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Re: Unknown text/* subtypes [i20]

From: Julian Reschke <julian.reschke@gmx.de>
Date: Thu, 14 Feb 2008 14:58:21 +0100
Message-ID: <47B448FD.6050204@gmx.de>
To: Yutaka OIWA <y.oiwa@aist.go.jp>
CC: HTTP Working Group <ietf-http-wg@w3.org>

Yutaka OIWA wrote:
> ...
> Julian's text (at least implicitly) allows clients to guess any
> character encoding when no charset value is provided, which is

Just for the record: it wasn't "my" text, but the text suggested by our 
working group chair, thinking we actually *did* reach consensus (IMHO 
rightfully, looking at the mailing list archive).

Except for strictly editorial issues, the editors do not have the 
mandate to change specification text without the WG telling them to do so.

> unacceptable for HTTP/1.1 because many existing applications
> immediately become vulnerable due to this change (and existence of
> UTF-7).  I strongly suggest that this must be treated as an
> incompatible normative change, and it is hard to realize even if the
> version number is raised to HTTP/2.0.

I would feel much better if somebody would finally write down *exactly* 
what the UTF-7 vulnerability is...

> Roy's suggestion (and my previous one) is moderate in this scope,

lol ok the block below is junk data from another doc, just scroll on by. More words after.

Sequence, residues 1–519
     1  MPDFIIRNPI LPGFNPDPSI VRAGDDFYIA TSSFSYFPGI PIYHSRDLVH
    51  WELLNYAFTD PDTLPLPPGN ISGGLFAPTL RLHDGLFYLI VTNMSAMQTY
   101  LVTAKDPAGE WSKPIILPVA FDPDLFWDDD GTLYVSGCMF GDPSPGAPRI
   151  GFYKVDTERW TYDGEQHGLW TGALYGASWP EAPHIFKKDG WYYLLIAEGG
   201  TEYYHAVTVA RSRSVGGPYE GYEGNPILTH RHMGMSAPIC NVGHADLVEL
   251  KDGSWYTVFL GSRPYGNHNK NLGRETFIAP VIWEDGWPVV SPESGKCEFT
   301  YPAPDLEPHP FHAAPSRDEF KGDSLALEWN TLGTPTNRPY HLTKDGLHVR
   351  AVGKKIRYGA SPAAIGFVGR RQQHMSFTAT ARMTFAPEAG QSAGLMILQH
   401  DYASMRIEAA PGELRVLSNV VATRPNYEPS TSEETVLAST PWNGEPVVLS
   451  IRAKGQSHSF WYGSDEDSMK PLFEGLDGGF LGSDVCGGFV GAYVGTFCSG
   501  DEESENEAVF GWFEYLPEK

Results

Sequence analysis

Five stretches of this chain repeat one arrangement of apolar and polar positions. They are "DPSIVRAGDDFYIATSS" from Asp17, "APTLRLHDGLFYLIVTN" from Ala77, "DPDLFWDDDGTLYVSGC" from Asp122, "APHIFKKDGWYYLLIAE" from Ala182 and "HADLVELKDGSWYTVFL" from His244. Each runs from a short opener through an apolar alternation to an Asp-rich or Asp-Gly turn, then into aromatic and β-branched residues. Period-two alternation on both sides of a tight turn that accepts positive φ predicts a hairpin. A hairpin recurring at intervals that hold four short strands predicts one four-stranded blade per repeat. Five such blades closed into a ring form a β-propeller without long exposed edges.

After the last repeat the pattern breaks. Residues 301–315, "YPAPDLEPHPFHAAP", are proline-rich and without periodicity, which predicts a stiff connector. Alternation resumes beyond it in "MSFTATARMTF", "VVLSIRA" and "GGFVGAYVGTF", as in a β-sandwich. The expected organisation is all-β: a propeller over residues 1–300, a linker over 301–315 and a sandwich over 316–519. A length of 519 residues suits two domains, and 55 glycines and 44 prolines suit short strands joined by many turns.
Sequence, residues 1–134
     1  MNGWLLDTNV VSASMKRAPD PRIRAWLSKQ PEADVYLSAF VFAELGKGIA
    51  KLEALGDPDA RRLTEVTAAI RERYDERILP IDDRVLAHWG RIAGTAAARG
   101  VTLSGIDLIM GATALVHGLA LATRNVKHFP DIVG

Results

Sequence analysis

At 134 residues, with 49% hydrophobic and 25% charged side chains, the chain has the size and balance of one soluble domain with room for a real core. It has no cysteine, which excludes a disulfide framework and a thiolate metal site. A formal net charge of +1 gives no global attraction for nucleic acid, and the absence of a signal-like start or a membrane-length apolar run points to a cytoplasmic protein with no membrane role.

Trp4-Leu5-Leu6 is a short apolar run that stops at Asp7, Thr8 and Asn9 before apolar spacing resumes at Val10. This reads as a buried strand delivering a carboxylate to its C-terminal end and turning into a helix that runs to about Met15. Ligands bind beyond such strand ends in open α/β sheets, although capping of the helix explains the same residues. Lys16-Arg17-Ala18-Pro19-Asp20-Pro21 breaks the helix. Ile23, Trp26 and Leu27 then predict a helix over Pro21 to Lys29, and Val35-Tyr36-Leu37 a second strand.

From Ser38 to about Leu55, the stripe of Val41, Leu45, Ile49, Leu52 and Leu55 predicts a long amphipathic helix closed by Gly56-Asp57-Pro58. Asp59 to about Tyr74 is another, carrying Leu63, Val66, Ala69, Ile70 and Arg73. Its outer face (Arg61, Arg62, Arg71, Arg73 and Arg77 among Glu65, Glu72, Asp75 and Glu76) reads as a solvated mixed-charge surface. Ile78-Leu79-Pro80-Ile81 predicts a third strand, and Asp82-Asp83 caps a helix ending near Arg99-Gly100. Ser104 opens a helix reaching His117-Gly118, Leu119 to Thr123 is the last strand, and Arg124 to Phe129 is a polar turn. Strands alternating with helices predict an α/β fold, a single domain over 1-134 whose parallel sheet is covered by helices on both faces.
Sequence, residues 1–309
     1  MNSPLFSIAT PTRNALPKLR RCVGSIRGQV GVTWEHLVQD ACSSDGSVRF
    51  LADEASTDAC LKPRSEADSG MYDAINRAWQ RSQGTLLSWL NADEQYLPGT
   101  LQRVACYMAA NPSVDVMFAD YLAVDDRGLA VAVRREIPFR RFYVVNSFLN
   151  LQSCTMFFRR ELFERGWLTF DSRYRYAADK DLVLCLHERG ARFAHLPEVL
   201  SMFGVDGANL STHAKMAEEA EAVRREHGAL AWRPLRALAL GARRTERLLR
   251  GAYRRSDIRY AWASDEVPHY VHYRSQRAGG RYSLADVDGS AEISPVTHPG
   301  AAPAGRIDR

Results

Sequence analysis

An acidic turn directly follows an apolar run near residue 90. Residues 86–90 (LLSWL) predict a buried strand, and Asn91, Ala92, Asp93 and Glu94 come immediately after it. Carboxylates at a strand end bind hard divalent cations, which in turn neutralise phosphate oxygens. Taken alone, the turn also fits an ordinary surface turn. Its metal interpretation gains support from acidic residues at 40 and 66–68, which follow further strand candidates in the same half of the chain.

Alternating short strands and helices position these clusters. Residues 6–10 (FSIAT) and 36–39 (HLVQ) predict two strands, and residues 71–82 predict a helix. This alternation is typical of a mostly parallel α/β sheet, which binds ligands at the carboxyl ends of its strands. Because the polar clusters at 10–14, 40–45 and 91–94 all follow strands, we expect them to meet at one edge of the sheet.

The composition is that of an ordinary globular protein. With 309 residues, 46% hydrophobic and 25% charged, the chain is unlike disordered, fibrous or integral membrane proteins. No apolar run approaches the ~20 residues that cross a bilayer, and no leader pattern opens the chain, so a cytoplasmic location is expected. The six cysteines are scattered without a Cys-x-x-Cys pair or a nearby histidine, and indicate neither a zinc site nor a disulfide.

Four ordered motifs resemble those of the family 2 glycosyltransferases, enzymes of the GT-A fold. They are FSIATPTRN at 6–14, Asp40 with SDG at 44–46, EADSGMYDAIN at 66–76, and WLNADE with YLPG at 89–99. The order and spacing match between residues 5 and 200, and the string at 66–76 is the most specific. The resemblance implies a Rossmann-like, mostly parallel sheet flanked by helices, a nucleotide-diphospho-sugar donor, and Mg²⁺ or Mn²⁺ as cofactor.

> acceptable within version 1.1 in reality, and almost consistent to
> on-going HTML5 updates which will be actually implemented in real user
> agents.
> 
> Possible my comment to Roy's proposal is
> 
>   - Auto-detection under explicit "iso-8859-1" charset label is dirty.

Yes, it means overriding what should be authoritative metadata.

>     I suggest either drop it or state it as "if required for backward
>     compatibility".  I do not want to give server owners a permission
>     for blindly adding ISO-8859-1 charset label without consulting the
>     real contents any more in future.  I think it will not be
>     supported under HTML5 rules.

But it seems to me this is the whole point of it, isn't it?

>   - We may need some clarification on the definition of whether "the
>     encoding is a superset of US-ASCII".  There are several well-used
>     character encodings which are marginal on this property.

What does being "marginal on this property" mean?

BR, Julian
Received on Thursday, 14 February 2008 13:58:43 GMT

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